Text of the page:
- (UPDATED) JET Programme: I am going for it!
I am putting this on hold for the time being for reasons I will discuss in a future post. I will explain more in detail within the next week or so.
So I have decided that I am going to apply for the JET Programme. I am making my first move towards living and working in Japan.
The JET Programme?
For those of you who don’t know, the JET (Japan Exchange and Teaching) Programme is a program designed to promote and facilitate international exchange between Japan and other countries. Basically what this means is that it is a way for someone such as myself to learn about Japan, it’s language, culture and history. In exchange, the person (me, in this case) would provide the Japanese people with a unique perspective of the United States, along with it’s culture and history, in addition to the English language (at least, in my case). The bottom line is that if one is accepted into the JET Programme, they get to live and work in Japan.
In the JET Programme, there are 3 positions to apply for. They are:
- ALT (Assistant Language Teacher) – These are teacher’s aides that assist Japanese teachers of English (or another language) with preparing course materials such as lesson plans and classroom activities, as well as assisting with extracurricular activities like clubs. Most JET participants are ALTs, and this is the position I will be applying for. 
- CIR (Coordinator for International Relations) – People in this position work with local government offices on international exchange activities, mostly translating/interpreting. Obviously, one must minimally possess a functional command of the Japanese language to qualify for this position.
- SEA (Sports Exchange Advisor) – This position works with local governments, coaching and general promotion of internationalization through sports. These positions are extremely rare – this page on the JET website mentions there only being 7 (seven) SEAs placed in the 2012-2013 year throughout Japan.
Great! Where do I apply?
Woah, horsey. Slow down. Back the hockey puck up. I am aware half of the folks reading this article probably stumbled onto it looking for a detailed guide on applying. Just to be clear, this article is not that. The above was only giving an intro to the program and what it does. This article (and series) will detail my experience with the application process.
If you want info on where to apply, I’d suggest starting here.
Right, then. Moving on.
My goal with this series is to detail my steps in the application process. At the “end” of the process, I will provide a list of things I feel worked for me and ones that did not (hopefully a short list). This series will be ongoing as I continue my journey and (hopefully) after I get accepted. One thing I have noticed is there isn’t a whole lot of information out there from folks who have made it into the program. Thus, another of my goals is to provide the before, during and after snapshots of this entire process. Of course, I’m sure there will be aspects of this process that I can not (or will not, to protect the privacy of others) discuss. I am hoping that list is a short one as well.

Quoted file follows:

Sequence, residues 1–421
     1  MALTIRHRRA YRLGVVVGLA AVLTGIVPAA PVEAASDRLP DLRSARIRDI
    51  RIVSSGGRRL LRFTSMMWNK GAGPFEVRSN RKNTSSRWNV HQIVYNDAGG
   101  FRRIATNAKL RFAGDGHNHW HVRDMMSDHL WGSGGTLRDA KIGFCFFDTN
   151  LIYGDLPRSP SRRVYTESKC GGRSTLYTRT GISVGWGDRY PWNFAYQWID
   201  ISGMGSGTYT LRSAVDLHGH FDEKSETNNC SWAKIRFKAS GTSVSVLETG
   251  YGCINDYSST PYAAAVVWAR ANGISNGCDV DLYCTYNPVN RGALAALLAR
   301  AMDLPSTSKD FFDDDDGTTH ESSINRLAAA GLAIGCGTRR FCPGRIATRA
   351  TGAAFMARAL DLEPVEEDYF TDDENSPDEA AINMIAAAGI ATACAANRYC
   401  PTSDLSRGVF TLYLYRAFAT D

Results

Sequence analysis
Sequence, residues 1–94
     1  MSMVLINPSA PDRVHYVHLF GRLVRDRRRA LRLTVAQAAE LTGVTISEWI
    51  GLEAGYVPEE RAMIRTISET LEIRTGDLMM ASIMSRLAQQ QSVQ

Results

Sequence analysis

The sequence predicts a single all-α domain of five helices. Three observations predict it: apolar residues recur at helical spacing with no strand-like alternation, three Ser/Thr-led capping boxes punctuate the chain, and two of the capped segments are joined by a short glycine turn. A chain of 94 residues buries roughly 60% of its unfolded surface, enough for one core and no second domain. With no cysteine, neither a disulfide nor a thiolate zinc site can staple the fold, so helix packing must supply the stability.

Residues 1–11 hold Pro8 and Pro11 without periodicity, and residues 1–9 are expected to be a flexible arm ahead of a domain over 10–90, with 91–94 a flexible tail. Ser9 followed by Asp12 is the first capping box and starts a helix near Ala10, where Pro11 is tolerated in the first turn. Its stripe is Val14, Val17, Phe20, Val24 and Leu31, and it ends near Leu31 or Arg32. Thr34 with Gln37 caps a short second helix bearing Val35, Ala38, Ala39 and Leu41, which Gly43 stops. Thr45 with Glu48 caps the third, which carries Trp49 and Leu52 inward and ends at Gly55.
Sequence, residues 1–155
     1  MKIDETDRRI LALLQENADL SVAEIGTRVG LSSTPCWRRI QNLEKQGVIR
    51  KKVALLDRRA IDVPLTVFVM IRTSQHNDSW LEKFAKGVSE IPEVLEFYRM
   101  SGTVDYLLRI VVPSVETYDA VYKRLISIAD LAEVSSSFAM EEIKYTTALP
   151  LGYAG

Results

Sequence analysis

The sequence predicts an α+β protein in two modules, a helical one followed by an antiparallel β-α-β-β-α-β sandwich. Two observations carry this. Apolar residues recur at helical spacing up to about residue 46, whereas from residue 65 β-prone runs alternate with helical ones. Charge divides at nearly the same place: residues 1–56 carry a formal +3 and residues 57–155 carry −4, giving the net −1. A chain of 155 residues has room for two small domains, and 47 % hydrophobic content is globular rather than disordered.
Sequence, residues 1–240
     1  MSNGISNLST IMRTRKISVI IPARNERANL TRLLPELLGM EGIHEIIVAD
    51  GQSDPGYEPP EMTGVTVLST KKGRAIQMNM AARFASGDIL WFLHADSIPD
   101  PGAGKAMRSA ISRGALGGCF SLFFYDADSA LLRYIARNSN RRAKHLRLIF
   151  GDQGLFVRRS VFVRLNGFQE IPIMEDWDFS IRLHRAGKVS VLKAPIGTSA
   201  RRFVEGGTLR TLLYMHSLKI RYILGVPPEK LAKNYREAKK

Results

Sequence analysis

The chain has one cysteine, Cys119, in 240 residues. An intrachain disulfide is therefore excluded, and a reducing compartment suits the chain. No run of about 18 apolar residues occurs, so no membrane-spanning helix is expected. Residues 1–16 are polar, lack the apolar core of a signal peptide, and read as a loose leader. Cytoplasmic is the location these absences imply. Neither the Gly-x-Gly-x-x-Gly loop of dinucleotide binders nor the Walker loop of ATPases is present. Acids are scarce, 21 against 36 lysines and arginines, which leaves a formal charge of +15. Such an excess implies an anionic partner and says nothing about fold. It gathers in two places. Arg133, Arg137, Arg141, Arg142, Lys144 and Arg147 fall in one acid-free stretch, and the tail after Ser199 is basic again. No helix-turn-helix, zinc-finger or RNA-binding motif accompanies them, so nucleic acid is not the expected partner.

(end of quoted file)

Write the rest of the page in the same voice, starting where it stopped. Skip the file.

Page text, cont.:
Getting into the JET Programme will be no small task. For starters, there is a monolithic list of requirements and action items just to apply to the program, saying nothing of getting accepted. My list of requirements is here (from the Japanese Embassy in the United States). A list of participating embassies is listed here.
My perspective is that it would be best to knock out as many of these items as possible right now, rather than closer to the application date. This will allow me to be better prepared when the time comes and not have to scramble to get everything together at the last minute.
Some of my immediate action items to get started on will be:
- Drafting, writing, re-writing and more re-writing of my Statement of Purpose. I expect to write about 20 or so drafts of this to get it as clean cut and perfect as possible.
- Obtaining my 2 professional Letters of Reference. I am still determining who the best folks are for this, but I’m hoping to have the ball rolling on this in a week or less.
I’m also beginning to compile a list of sites with common interview questions asked so that I can prepare for those items as well. I am sure that I will need to do a lot of research into this topic (more than anything else, I’m sure) for the interview. Once I have this list, I will post it here as well. In addition, I will post the questions I got asked here if I make it to the interview stage.
Okay, here I go!
Without any further ado, I am now off to begin organizing my application process. Wish me luck!
- Note that Japanese proficiency is *NOT* required for this position!↵